11. The backlight assembly of claim 10 further comprising an interstitial region between said microprisms having an index of refraction less than the index of refraction of said microprisms.
12. The backlight assembly of claim 1 wherein the summation of said microprism light input surfaces occupy greater than 20 percent of the surface area of said light transmitting means.
13. A backlight assembly for use in a flat panel electronic display, said display having a modulating means capable of providing an image to a remotely positioned observer, and said backlight assembly comprising:
(a) a light generating means for generating a source of light rays;
(b) a light transmitting means substantially related in surface area with said modulating means and having a light accepting surface adjacently positioned next to said light generating means, wherein said light transmitting means transports the light rays emanating from said light generating means via substantially total internal reflection in a direction substantially parallel to the viewing plane of said modulating means;
(c) an array of microprisms disposed between said light transmitting means and said modulating means and each microprism having a light input surface optically coupled to said light transmitting means and a light output surface distal from and parallel to said light input surface and at least one sidewall tilted at an angle from between about 25 degrees to about 40 degrees from the direction normal to the surface of said light transmitting means and positioned for effecting total reflection of said light rays received by said input surface;
wherein, said light rays reflecting through said light transmitting means enter said microprisms through said light input surfaces and emerge through said light output surfaces in a direction substantially perpendicular to said modulating means; and
(d) an array of microlenses disposed in close proximity between said array of microprisms and said modulating means, wherein said output of each microprism is directed to a corresponding microlens and said light transmitted through said microlenses emerges as a substantially more collimated light source for said modulating means.
14. A backlight assembly for use in a flat panel electronic display, said display having a modulating means capable of providing an image to a remotely positioned observer, and said backlight assembly comprising:
(a) a light generating means for generating a first and second source of light rays;
(b) a transparent light transmitting means substantially related in surface area with said modulating means and having two light accepting surfaces, each adjacently positioned next to one of said light sources, wherein said light transmitting means transports the light rays emanating from said light generating means via substantially total internal reflection in a direction substantially parallel to the viewing plane of said modulating means;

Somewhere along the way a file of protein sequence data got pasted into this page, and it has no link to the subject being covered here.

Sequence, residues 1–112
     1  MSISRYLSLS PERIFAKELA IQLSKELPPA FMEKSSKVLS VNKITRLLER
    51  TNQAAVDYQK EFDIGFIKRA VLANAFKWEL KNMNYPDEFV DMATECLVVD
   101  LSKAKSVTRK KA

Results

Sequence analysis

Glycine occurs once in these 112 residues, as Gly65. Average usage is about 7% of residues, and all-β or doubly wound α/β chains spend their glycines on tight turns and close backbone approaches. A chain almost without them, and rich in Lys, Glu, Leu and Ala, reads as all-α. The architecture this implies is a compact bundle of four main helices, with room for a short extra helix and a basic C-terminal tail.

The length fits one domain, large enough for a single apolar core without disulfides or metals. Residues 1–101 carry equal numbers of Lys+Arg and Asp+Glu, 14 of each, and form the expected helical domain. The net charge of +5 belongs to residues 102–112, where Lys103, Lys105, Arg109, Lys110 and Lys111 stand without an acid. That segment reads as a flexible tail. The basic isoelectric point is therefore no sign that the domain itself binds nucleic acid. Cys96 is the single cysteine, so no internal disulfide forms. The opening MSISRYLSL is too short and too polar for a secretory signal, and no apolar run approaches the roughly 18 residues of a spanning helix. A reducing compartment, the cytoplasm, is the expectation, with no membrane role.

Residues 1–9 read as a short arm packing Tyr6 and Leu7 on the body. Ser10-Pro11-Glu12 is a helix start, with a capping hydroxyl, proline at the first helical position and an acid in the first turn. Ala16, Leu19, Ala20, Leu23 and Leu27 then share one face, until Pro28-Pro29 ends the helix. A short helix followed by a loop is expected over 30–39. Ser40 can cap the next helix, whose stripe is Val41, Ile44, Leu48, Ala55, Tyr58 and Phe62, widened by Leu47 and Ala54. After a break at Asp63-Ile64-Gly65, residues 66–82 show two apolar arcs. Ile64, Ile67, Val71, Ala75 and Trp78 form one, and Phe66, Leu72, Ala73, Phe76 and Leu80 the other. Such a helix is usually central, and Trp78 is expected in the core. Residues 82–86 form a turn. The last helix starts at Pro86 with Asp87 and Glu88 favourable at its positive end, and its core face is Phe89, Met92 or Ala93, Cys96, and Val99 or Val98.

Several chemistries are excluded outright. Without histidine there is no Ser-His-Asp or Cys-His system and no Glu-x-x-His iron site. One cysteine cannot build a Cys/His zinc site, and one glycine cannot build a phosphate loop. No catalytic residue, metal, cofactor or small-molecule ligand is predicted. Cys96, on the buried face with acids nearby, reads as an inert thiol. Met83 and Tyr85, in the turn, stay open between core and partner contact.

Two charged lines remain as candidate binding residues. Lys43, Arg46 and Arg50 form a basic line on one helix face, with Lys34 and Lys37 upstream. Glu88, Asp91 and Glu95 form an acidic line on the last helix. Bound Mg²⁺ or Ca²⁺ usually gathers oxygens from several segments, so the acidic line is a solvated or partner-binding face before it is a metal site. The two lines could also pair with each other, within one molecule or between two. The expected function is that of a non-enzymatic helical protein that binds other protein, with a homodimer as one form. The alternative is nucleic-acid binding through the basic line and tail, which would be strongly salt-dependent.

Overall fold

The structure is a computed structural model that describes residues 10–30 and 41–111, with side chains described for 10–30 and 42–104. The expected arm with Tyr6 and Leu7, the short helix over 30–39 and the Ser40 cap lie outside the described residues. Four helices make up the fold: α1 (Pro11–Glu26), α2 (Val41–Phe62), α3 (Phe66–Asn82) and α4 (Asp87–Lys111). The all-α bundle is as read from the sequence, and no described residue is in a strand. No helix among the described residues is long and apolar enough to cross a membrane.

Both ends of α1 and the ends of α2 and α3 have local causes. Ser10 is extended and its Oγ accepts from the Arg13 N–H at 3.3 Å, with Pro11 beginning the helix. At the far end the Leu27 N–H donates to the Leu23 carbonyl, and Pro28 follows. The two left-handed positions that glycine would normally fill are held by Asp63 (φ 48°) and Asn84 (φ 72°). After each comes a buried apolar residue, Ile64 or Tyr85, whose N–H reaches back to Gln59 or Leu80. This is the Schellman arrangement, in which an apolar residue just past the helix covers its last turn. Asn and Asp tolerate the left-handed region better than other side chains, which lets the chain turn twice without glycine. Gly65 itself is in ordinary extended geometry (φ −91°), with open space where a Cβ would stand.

(c) an array of microprisms disposed between said light transmitting means and said modulating means and each microprism having a light input surface optically coupled to said light transmitting means and a light output surface distal from and parallel to said light input surface and a first and second sidewall tilted at an angle from between about 25 degrees to about 40 degrees from the direction normal to the surface of said light transmitting means and positioned for effecting total reflection of said light rays received by said input surface, wherein said light output surface area is greater than the area of said light input surface;
wherein, said light rays reflecting through said light transmitting means enter said microprisms through said light input surfaces and emerge through said light output surfaces in a direction substantially perpendicular to said modulating means; and
(d) an array of microlenses disposed in close proximity between said array of microprisms and said modulating means, wherein said output of each microprism is directed to a corresponding microlens and said light transmitted through said microlenses emerges as a substantially more collimated light source for said modulating means.
15. A backlight assembly for use in a flat panel electronic display, said display having a modulating means capable of providing an image to a remotely positioned observer, and said backlight assembly comprising:
(a) a light generating means for generating a first, second, third and fourth source of light rays;
(b) a light transmitting means substantially related in surface area with said modulating means having four light accepting surfaces, each adjacently positioned next to one of said light generating means, wherein said light transmitting means transports the light rays emanating from said light generating means via substantially total internal reflection in a direction substantially parallel to the viewing plane of said modulating means;
(c) an array of microprisms disposed between said light transmitting means and said modulating means and each microprism having a light input surface optically coupled to said light transmitting means and a light output surface distal from and parallel to said light input surface and a first, second, third and fourth sidewall tilted at an angle from between about 25 degrees to about 40 degrees from the direction normal to the surface of said light transmitting means and positioned for effecting total reflection of said light rays received by said input surface wherein said light output surface area is greater than the area of said light input surface;
wherein, said light rays reflecting through said light transmitting means enter said microprisms through said light input surfaces and emerge through said light output surfaces in a direction substantially perpendicular to said modulating means; and